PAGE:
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$2m incentive fund to lure business to Health-Tech Corridor


Since 2011 the Health-Tech Corridor (HTC), the three-mile stretch in Midtown between downtown and University Circle, has been quietly building a hub for health, high-tech and research companies.
 
Today more than 160 such endeavors in biomed, technology and other industries are operating in the HTC, creating an entrepreneurial hub touting amenities such as a 100 gigabits-per-second fiber optic internet pipe – the first of its kind in the country – and access to nearby universities and medical centers.
 
Now HTC officials have partnered with JumpStart to build a $2 million fund to foster even more activity. “We’re really excited to use the fund as a carrot to attract businesses to the corridor,” says HTC director Jeff Epstein, adding that 90 percent of the 500,000 square feet of renovated office and lab space is already filled.
 
But there is plenty of room for any company looking to relocate on the HTC’s 1,600 acres. “We’ve got space for whoever wants to come,” Epstein says. “Early stage companies can get anchored here.” He also notes that Geis Companies’ developments in the area, the Beauty Shoppe co-working space and the new University Hospitals campus add to the corridor’s draw.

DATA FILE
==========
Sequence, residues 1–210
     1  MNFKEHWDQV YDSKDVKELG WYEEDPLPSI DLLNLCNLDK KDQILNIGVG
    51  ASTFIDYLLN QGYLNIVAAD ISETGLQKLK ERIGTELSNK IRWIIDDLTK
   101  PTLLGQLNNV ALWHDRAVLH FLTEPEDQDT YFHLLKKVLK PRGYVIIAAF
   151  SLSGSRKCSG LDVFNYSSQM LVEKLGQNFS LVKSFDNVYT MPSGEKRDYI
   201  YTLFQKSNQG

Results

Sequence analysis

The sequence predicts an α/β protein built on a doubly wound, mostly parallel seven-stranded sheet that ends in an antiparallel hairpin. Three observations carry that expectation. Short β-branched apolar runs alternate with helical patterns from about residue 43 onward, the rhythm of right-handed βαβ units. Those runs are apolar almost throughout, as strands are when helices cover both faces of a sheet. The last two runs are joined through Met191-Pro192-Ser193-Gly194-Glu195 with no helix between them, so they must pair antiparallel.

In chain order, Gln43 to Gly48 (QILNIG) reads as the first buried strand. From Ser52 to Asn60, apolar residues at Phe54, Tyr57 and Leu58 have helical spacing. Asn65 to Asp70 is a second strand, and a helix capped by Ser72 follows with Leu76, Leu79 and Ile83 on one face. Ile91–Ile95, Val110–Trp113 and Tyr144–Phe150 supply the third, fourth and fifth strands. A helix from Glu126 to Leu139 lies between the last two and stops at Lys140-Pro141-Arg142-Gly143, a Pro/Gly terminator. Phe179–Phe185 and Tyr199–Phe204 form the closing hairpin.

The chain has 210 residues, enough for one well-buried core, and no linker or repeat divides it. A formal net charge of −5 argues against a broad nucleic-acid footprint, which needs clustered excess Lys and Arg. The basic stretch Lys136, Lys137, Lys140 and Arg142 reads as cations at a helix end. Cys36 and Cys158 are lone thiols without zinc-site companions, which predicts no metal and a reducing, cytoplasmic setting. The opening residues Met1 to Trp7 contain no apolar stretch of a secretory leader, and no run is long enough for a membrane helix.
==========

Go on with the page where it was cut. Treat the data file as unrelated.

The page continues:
The HTC and JumpStart raised $1 million for the fund through grants from the Cleveland Foundation, the City of Cleveland and private investments, which was then matched with another $1 million by the Ohio Third Frontier.
 
Companies seeking investment from the fund must have a unique or breakthrough idea, have at least a $1 billion addressable market and exit potential. They must also demonstrate excellence in their fields.
 
Epstein says a fund awareness campaign started last month, while officials at the HTC and JumpStart have been brainstorming attraction campaigns for the past nine months. “We launched social media campaigns in high-cost markets and targeted alumni from local universities,” he explains. “We going for the low-hanging fruit first.”
 
Epstein says more than 20 companies have already expressed an interest in applying for funding. Companies that do apply must go through a full vetting process with JumpStart.
 
“We don’t just give the money away,” explains Epstein. “But companies who don’t get an investment with us will hopefully be turned on to opportunities in Cleveland. The best problem we could have is too many companies interested.”

Read more articles by Karin Connelly Rice.

Karin Connelly Rice enjoys telling people's stories, whether it's a promising startup or a life's passion. Over the past 18 years she has reported on the local business community for publications such as Inside Business and Cleveland Magazine. She was editor of the Rocky River/Lakewood edition of In the Neighborhood and was a reporter and photographer for the Amherst News-Times. At Fresh Water she enjoys telling the stories of Clevelanders who are shaping and embracing the business and research climate in Cleveland.
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